In the interview with INSIDER, Tave did not address Pavlick’s comments regarding her discussion with him about manufacturing changes. However, he said the agency is open to meeting with representatives from the industry and other third parties.

Tave observed FDA received many substantive comments that addressed various aspects of the draft document. “We’re going to read every single one of them carefully, and we’re going to think about every single point that’s raised in there," he said.

It’s a Complex Statute’

Tave also addressed criticisms that the guidance—at 102 pages—may be too complicated given the seemingly straightforward notification requirement in DSHEA.

“It’s always a balance between simplifying and being comprehensive and responsive," he said, explaining much of the document is filled with Q&As for industry. “We want to look at this from a firm’s perspective. Here’s my question. How would I answer it?"

Commenting on DSHEA itself, Tave said, “The statute is short, but it’s a complex marketplace, and it’s a complex statute … speaking as a lawyer and as a human being. It’s not easy to make sense of all the different provisions that are packed into DSHEA.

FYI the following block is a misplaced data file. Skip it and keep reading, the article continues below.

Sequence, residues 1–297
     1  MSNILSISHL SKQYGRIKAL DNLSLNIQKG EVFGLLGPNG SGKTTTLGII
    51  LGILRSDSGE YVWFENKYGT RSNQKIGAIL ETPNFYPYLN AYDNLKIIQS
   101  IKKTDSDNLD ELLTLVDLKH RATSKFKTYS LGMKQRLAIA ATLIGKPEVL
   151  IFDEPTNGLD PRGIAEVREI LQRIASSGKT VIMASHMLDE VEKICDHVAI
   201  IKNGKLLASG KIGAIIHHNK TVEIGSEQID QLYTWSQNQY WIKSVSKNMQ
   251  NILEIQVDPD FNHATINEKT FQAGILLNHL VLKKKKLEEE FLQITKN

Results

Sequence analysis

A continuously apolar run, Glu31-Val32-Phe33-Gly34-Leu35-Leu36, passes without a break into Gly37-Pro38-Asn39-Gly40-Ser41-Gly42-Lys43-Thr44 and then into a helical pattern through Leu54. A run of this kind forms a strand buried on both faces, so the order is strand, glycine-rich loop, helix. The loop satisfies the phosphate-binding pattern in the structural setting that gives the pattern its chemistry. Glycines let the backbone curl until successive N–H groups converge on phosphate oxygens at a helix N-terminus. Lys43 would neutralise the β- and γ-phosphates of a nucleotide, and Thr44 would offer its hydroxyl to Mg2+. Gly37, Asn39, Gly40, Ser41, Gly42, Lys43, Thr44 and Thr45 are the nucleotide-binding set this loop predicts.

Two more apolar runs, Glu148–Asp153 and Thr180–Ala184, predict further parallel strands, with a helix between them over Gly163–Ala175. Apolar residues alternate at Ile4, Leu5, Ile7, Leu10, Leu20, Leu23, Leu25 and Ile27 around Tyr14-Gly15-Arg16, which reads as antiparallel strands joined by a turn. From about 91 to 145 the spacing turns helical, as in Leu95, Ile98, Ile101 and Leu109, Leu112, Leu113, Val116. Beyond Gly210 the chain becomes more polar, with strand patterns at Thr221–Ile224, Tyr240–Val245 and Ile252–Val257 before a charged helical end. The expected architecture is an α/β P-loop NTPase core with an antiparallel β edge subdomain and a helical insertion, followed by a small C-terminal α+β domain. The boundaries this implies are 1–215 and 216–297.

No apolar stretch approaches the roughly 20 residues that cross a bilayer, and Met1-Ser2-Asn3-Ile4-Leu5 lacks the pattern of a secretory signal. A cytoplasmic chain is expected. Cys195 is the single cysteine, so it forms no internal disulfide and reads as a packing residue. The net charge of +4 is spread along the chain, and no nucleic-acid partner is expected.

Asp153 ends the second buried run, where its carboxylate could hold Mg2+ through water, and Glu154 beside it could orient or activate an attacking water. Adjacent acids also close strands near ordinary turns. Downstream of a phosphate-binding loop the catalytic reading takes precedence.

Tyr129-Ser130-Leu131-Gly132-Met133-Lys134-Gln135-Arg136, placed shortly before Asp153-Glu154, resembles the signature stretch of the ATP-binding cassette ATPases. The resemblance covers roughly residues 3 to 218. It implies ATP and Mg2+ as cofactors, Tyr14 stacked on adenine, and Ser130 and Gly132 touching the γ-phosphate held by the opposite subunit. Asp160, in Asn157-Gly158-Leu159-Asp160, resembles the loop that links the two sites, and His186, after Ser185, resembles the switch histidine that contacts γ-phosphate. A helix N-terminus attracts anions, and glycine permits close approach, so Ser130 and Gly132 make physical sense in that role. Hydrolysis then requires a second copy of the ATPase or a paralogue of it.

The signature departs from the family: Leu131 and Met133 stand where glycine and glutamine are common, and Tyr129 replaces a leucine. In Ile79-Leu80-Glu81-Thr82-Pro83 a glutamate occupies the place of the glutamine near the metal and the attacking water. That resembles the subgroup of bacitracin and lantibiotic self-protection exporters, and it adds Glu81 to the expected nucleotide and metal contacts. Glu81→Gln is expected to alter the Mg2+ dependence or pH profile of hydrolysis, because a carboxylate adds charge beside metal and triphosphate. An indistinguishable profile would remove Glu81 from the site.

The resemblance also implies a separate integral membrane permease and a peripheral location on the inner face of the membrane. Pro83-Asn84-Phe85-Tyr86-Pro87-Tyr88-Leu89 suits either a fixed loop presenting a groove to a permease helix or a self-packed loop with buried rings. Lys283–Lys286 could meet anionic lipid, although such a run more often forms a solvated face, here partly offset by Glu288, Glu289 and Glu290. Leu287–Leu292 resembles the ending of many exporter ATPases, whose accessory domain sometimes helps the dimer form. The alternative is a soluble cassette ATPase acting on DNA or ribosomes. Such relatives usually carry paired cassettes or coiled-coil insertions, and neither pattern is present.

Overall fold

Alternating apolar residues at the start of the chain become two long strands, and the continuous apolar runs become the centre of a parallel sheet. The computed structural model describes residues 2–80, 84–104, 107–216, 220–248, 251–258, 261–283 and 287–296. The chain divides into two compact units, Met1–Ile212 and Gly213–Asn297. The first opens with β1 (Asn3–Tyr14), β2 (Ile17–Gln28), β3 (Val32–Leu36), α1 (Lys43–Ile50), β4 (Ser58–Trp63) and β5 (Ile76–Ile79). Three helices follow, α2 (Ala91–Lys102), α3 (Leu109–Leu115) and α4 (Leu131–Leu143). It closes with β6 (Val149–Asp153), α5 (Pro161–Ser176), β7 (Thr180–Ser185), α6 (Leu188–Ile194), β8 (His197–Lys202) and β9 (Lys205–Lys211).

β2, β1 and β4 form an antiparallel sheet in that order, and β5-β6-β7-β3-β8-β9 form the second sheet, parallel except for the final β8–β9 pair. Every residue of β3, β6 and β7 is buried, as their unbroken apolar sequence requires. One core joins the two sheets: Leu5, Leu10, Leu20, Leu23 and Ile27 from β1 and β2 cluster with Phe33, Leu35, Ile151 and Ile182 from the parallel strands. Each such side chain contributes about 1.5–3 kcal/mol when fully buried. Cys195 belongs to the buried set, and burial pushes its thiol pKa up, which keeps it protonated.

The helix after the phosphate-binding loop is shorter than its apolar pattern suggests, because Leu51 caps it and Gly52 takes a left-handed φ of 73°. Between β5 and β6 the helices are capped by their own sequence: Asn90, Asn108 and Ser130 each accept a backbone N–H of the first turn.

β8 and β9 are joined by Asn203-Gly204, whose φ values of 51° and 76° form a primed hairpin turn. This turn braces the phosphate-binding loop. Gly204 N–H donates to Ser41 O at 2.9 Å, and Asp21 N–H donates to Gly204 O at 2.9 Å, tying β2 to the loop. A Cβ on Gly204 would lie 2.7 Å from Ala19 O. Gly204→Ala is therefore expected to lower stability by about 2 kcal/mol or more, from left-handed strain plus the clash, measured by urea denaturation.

“We’re trying to give useful guidance," Tave continued, “so that nobody goes down the wrong path."

Publishing Final Guidance is ‘Priority’

Tave couldn’t provide a specific timeline for publishing a final NDI guidance. He noted the many layers of clearance and review that are outside his control.

Industry sources said the final NDI guidance will be subject to review by the White House’s Office of Management and Budget (OMB). Complicating matters, President Donald Trump’s policies have raised the specter that the publication of such documents could be delayed or scrapped entirely by the administration.

Tave said he hoped it wouldn’t take five years to publish a final guidance—the time that elapsed between the 2011 NDI draft and the publication of the 2016 document.

“It’s a priority for the agency to get this out because I think that firms want to see it," he said. “I think industry expects it, and reasonably so."